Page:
One of the benchmarks of the UK economy’s performance is the housing market. In recent years, that market has not only flatlined, but lenders (via the FSA) have rammed a stake into its heart, to boot.
After the economy collapsed, we had the Mortgage Market Review. This resulted in the FCA implementing responsible lending guidelines to ensure the banks didn’t err to such an extent again.
Lenders dutifully adopted the practices within the new law, even if it meant higher deposits and ostracising many potential homeowners for not having perfect credit ratings.
Buying a home is back on the to-do list
It’s taken a monumental effort to kick-start construction after the 2008 collapse and ensuing back-to-back recessions. But the economy has begun to recover.
Initiatives like Help-to-Buy have lowered entry level. And once construction firms grasp the concept of truly affordable housing, it will grow some more.
That the housing market reflects the economy makes absolute sense. When times are tough, putting food on the table beats looking for a new home hands down.
Yet in more prosperous times, people feel empowered. Moving up the property ladder gets a space back on the to-do list. When it becomes a priority, it’s a sure sign that the homeowners in question are doing well.
That synergistic feelgood factor is indicative of confidence. Potential homeowners need to trust both in the economy and in their own job security.
There were the peaks of the housing boom…
We’re getting back to that stage again. The market today reflects a period of transition, shifting from famine to feast. Okay, maybe not feast. A starter to go with the main course, if you will.
But the economy’s left its scar on the construction industry. It takes a team of skilled workers, from concept to completion, to build a home.
It’s difficult to explain unless you were there. But at the housing market’s peak in 2007, construction firms couldn’t build homes quickly enough.
The cost of houses was spiralling higher and higher. Yet home buyers were paying those prices, mortgage lenders dotted lines became a blur and transferring credit to make loans affordable was a cinch.
Bricks and mortar seemed like a sure-fire investment to everyone. Property was a fast-track elevator of increasing value that seemed as if it would never stop rising.
…and then the trough
Then, pop! The bubble burst, the economy went into meltdown and one of the first casualties was the housing market.
Construction companies laid contractors off in their droves. Overnight, learning the skills needed to become a tradesman lost its appeal. And while the housing market stayed flat, that was okay. Not good, but no one was getting hurt. Too much.
Fast forward to earlier this month and the NSCC‘s State of Trade bulletin. It’s reflects what’s happened in the UK this last eight years or so in the construction industry.
47% of those questioned by NSCC relayed one simple truth: they’re struggling to hire skilled workers in 2015.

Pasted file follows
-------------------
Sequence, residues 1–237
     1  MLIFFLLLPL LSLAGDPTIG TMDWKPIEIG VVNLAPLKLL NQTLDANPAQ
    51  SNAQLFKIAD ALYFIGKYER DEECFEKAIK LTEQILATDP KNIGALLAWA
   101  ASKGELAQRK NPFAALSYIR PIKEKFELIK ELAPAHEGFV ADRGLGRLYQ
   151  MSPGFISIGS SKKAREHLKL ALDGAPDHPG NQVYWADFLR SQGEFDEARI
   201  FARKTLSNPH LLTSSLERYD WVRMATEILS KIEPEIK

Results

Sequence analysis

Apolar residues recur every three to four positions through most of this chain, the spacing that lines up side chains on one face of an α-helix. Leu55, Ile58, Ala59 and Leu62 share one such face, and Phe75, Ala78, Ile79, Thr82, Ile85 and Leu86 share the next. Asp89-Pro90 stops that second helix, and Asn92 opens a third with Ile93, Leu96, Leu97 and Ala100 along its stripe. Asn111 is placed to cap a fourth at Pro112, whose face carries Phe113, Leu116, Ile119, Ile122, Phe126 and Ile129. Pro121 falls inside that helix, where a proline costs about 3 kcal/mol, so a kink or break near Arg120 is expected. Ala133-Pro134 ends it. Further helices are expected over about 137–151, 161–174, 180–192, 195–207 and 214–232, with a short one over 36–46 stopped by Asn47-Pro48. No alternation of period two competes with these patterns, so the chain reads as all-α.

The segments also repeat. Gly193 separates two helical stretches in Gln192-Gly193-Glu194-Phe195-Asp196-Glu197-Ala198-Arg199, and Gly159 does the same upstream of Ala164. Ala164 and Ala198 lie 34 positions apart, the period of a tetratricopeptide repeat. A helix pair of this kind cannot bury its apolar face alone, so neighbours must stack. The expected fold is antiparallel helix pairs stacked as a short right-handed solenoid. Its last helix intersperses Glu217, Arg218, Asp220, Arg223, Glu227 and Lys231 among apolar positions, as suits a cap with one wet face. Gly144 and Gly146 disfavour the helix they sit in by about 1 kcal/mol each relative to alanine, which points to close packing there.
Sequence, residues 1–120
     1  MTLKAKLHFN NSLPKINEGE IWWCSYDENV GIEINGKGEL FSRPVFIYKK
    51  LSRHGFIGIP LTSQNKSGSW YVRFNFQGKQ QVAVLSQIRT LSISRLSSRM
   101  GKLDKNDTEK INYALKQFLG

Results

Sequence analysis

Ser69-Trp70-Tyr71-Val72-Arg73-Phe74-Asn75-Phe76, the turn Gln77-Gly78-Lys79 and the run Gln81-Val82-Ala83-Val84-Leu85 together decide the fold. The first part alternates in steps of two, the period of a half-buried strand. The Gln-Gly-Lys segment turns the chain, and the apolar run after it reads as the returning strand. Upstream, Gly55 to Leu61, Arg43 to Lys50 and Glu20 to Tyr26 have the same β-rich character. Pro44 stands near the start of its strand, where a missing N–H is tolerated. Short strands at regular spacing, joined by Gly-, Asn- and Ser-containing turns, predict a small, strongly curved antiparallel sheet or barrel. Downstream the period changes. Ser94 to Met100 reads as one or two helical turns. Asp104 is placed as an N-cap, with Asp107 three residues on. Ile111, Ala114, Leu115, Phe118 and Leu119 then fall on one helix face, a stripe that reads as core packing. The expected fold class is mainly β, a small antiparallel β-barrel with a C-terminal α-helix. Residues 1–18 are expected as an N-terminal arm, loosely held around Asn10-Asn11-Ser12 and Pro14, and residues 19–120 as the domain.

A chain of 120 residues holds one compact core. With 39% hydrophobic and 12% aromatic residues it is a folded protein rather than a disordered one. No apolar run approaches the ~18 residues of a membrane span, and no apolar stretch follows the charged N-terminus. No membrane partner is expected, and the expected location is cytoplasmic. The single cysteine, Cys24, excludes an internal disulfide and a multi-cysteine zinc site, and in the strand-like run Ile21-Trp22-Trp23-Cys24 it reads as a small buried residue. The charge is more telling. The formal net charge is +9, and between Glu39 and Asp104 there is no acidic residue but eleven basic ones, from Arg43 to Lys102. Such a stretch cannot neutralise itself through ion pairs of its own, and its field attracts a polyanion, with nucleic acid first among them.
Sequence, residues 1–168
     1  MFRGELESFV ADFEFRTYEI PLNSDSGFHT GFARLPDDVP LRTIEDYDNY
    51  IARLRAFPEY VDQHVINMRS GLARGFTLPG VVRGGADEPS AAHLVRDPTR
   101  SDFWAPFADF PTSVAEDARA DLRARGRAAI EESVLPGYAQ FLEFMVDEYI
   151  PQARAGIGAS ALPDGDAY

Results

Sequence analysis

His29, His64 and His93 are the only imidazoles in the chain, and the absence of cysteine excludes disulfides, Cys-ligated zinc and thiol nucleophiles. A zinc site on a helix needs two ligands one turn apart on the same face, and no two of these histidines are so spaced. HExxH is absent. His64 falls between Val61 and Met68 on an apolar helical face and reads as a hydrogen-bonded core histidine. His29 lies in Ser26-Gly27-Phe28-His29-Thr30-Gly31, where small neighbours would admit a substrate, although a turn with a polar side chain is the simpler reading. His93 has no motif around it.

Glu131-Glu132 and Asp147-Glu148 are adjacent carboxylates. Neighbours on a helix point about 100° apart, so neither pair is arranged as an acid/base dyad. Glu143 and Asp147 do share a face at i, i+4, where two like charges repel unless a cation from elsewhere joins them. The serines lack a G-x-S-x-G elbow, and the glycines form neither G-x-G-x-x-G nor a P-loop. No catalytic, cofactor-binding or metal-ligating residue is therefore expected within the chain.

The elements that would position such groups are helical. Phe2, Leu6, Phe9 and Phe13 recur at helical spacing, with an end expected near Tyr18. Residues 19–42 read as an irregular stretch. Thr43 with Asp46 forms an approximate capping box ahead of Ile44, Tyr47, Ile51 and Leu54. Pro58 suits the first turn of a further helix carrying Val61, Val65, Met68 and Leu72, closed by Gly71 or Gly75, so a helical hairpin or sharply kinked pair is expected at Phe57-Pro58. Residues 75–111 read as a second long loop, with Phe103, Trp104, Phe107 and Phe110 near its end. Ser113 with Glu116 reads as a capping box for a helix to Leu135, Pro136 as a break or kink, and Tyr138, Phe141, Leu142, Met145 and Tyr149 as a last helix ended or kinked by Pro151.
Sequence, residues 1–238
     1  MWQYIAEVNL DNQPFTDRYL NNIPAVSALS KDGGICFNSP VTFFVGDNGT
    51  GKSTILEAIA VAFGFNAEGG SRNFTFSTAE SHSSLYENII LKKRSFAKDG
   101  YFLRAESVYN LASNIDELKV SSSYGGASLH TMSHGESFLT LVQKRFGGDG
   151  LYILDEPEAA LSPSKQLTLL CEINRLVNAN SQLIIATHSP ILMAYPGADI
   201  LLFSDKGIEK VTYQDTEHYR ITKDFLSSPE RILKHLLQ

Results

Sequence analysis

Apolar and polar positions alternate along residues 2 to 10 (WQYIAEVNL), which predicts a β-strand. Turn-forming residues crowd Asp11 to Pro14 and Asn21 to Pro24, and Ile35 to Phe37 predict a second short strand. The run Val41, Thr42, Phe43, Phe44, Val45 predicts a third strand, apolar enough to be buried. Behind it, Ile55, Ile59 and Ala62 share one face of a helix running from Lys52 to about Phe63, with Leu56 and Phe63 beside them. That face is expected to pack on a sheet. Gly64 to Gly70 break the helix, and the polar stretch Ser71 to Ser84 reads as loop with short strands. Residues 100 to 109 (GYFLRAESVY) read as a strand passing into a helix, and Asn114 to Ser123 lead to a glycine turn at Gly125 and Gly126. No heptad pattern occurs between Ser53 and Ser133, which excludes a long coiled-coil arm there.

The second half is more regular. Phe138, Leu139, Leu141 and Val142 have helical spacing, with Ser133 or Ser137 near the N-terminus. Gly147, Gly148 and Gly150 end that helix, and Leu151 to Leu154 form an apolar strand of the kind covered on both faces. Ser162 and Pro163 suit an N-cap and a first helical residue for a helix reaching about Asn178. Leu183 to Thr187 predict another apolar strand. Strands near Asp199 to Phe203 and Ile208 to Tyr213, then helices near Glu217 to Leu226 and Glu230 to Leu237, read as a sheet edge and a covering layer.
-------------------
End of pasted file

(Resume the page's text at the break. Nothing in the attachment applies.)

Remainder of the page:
A negligible percentage disagreed in the study, just 2% saying that they’d found it simpler to hire the right people. But that swing of 45% between those who could and those who could not hire the right people tells a tale. It represents the widest gap between those markers since 2001.
This lack of expertise is not only frustrating for the firms who would be hiring. Nearly one in three contractors were unable to apply for jobs advertised as their own skill set wasn’t up to the mark.
The skills shortage isn’t the best situation for the government at the start of their tenure, either. They’ll want to see a housing market that can support the nation’s economic recovery.
The potential is there. Almost two-thirds of respondents forecast growth in demand in the run up to summer. An astonishing three quarters of firms expect an upturn before the year’s out. But who’s going to fill those work boots?
Time to lay foundations for Britain’s future
NSCC’s chief exec, Suzannah Nichol MBE, has warned that a lack of investment in training will see the market stall. That move has got to come as a joint initiative from the industry, the government and educational bodies.
There is, in the meantime, a silver lining. Those who possess the construction qualifications necessary already can begin rubbing their hands.
April’s REC/KPMG Jobs Report highlighted accelerated pay growth as one of the month’s key points. Whilst temporary billings slowed, there was still growth. The report also indicated an eight-month high in permanent appointments.
These all exhibit signs of firms paying top dollar to get the right staff, either on a temporary basis, or even permanent if the contractor’s work’s worth the severance pay to the agency.
So, do you have the skills for the construction sector but have maybe never thought about contracting? Through an umbrella company, you can dip your toe in the water.
Many contractors begin at an umbrella before going whole hog and branding themselves as their own limited company. If contracting’s not for you, signs are in the current market that there’s a permie job in the wings for those with the right qualifications, anyhow.
Now, it’s time to start making the right connections, to bolster those qualifications. Why limit your opportunities, when you can begin laying the foundation for your own future?